Yes, of course  ;)

gabenix

This is a quick preview of the rough-draft image, I have not added the legend or any notes yet.

EDIT: The image has been removed as it contained errors.

MartinL

Hi gabenix,

Wow, there's nothing rough about your draft image, Microchip/Atmel should use it in their datasheets. It gives a nice overview of each pin's capabilities.

In the SAMD21 datasheet, section 2 named "Configuration Summary", it details each variant's on-chip peripherals. The datasheet could make this much clearer, especially since they've now added a whole new group of optimised variants: SAMD21ExxA, SAMD21ExxB, SAMD21ExxC, SAMD21ExxD and finally the SAMD21ExxL.

The SAMD21E (in any of its new varieties) has only 4 SERCOM modules: SC0 through to SC3.

All varieties of the SAMD21E contain TCC timers: TCC0, TCC1 and TCC2, but only the SAMD21E17D and SAMD21E17L incorporate the additional TCC3 timer.


gabenix

Hi gabenix,

Wow, there's nothing rough about your draft image, Microchip/Atmel should use it in their datasheets. It gives a nice overview of each pin's capabilities.

In the SAMD21 datasheet, section 2 named "Configuration Summary", it details each variant's on-chip peripherals. The datasheet could make this much clearer, especially since they've now added a whole new group of optimised variants: SAMD21ExxA, SAMD21ExxB, SAMD21ExxC, SAMD21ExxD and finally the SAMD21ExxL.

The SAMD21E (in any of its new varieties) has only 4 SERCOM modules: SC0 through to SC3.

All varieties of the SAMD21E contain TCC timers: TCC0, TCC1 and TCC2, but only the SAMD21E17D and SAMD21E17L incorporate the additional TCC3 timer.


Thanks Martin!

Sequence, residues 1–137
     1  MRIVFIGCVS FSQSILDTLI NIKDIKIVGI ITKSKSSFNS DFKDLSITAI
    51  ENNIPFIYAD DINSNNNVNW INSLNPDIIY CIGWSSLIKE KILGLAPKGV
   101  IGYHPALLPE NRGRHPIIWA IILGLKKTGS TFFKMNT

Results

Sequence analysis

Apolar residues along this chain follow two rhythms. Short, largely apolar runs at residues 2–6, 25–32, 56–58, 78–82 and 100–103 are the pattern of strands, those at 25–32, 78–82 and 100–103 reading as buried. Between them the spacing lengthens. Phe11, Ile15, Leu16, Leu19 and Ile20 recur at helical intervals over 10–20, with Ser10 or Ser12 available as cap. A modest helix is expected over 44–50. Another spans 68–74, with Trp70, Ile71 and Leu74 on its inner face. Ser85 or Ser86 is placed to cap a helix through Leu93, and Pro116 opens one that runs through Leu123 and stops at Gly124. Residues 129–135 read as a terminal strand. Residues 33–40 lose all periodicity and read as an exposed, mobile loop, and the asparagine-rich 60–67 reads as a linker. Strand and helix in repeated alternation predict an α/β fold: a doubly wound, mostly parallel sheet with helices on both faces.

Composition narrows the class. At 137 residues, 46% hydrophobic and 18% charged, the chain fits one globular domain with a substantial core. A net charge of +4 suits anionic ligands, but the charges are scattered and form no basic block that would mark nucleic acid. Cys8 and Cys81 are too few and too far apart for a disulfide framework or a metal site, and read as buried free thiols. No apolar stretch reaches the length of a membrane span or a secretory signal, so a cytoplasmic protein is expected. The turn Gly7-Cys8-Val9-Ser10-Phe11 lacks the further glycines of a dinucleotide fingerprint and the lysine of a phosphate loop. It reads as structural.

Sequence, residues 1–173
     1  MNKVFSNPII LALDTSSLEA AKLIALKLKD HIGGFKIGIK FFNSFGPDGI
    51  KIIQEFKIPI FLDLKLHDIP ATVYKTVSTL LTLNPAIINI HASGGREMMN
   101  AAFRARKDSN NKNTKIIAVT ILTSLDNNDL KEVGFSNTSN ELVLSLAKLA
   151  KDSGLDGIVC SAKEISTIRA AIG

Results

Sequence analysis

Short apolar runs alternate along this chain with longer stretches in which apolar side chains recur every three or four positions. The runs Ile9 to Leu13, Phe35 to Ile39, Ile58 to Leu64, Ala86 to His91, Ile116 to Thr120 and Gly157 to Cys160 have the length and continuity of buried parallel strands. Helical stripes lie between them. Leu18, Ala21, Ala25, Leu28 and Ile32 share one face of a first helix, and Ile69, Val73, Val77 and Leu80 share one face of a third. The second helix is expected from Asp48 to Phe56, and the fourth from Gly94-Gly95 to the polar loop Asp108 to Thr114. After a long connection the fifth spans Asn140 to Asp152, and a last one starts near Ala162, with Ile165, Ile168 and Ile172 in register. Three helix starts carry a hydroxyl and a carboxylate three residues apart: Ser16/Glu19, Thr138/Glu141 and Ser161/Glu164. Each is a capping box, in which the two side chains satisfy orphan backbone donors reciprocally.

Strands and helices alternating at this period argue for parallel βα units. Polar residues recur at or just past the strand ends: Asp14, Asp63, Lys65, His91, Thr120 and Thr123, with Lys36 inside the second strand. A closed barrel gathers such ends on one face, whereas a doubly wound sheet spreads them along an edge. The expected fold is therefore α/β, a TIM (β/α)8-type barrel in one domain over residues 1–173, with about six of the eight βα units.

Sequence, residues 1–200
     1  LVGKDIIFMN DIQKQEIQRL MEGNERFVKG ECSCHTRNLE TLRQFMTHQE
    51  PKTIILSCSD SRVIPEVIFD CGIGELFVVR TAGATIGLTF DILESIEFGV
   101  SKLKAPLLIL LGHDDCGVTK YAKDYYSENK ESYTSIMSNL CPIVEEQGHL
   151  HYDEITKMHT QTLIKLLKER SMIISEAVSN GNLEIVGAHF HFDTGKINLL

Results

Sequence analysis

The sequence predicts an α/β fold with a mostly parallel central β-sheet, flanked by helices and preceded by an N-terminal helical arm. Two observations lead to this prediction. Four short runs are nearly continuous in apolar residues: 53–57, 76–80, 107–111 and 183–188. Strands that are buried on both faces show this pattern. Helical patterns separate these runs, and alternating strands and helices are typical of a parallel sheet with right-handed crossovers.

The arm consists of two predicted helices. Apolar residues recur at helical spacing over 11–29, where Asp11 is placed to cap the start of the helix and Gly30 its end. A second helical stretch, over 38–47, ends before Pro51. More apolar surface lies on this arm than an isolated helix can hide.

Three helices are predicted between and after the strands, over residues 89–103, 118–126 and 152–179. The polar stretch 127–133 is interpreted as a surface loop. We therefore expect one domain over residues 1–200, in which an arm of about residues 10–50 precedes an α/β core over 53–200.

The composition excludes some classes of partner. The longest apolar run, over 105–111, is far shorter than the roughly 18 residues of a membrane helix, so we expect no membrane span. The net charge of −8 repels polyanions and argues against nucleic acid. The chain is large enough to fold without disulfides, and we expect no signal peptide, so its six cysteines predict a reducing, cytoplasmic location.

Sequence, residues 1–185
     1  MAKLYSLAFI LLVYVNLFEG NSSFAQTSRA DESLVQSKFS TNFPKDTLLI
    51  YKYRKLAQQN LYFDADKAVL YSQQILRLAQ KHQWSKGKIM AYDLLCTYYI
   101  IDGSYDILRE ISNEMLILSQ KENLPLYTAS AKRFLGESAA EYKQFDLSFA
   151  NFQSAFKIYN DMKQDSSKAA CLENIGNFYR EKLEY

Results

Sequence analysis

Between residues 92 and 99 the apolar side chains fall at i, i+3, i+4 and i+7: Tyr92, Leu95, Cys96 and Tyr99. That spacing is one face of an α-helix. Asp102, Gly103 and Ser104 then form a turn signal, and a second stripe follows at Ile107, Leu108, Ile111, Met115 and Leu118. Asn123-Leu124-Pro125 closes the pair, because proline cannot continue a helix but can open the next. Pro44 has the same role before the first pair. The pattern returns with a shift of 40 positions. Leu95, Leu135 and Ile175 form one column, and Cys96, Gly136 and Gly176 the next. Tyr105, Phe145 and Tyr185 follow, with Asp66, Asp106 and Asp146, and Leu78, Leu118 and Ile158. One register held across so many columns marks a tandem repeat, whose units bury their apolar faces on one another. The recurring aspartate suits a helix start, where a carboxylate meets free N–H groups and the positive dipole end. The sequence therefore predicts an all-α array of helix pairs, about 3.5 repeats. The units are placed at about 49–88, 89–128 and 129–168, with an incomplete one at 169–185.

I missed it, ouch! This datasheet is not intuitive to say the least. Microchip has many variants, having significant distinction and nuance between them, all crammed into a single datasheet.

However this is the reason I want to extract the chip-specific data to create a graphic representation (and notes).

I'll follow up with a final version for review and scrutiny. Thanks!

westfw

Quote
In the SAMD21 datasheet, section 2 named "Configuration Summary", it details each variant's on-chip peripherals.
I missed that too, especially since the "IO Multiplexing an Considerations" doesn't indicate the unavailable peripherals in any way that I can see.
I usually put together a spreadsheet; doing the work gives me a better understanding of how a particular chip actually works, along with limitations of the pinout.  And it's useful to be able to sort based on different columns...   https://docs.google.com/spreadsheets/d/1OucZjXE_gFDut9k4IkOgwdQ4IuXx76SgJJhuwig68Y0/edit?usp=sharing
Lately, I've been working on a python program that parses the higher-level .ATDF machine description file that is provided, translating it to various more readable formats.

Code: [Select]
for i in range(1,32):
    showChipPin(str(i))
   
Chip Pin 1 on ATSAMD21E17L is PA02
  ADC: AIN0 pmux:B
  DAC: VOUT pmux:B
  EIC: EXTINT2 pmux:A
  PORT: P2 pmux:default
  TCC3: WO0 pmux:F
Chip Pin 2 on ATSAMD21E17L is PA03
  ADC: AIN1 pmux:B
  DAC: VREFP pmux:B
  EIC: EXTINT3 pmux:A
  PORT: P3 pmux:default
  TCC3: WO1 pmux:F